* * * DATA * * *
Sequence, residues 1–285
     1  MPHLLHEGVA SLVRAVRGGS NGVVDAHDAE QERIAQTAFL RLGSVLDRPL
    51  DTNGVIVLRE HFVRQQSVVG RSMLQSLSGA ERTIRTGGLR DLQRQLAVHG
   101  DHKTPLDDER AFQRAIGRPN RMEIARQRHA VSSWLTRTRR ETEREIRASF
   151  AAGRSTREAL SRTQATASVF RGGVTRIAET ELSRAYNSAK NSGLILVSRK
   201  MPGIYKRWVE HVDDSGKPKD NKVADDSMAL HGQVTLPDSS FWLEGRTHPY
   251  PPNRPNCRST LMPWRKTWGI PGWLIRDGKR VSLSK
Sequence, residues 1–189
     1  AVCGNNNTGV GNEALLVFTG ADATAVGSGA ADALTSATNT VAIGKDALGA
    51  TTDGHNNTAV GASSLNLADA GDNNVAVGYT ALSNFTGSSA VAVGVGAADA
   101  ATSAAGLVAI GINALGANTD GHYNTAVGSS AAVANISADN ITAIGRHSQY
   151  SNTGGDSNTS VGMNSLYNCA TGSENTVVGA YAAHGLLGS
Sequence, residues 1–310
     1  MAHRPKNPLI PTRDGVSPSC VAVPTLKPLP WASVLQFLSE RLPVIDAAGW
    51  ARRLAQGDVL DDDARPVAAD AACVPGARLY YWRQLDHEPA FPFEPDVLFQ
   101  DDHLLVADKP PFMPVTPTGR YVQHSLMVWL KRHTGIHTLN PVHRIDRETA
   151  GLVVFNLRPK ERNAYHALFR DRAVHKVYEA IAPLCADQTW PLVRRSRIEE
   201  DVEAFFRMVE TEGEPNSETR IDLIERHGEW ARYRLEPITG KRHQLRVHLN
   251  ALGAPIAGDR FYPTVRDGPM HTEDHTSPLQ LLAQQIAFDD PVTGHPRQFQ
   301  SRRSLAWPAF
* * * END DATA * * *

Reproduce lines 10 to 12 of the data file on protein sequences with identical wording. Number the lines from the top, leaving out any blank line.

    51  TTDGHNNTAV GASSLNLADA GDNNVAVGYT ALSNFTGSSA VAVGVGAADA
   101  ATSAAGLVAI GINALGANTD GHYNTAVGSS AAVANISADN ITAIGRHSQY
   151  SNTGGDSNTS VGMNSLYNCA TGSENTVVGA YAAHGLLGS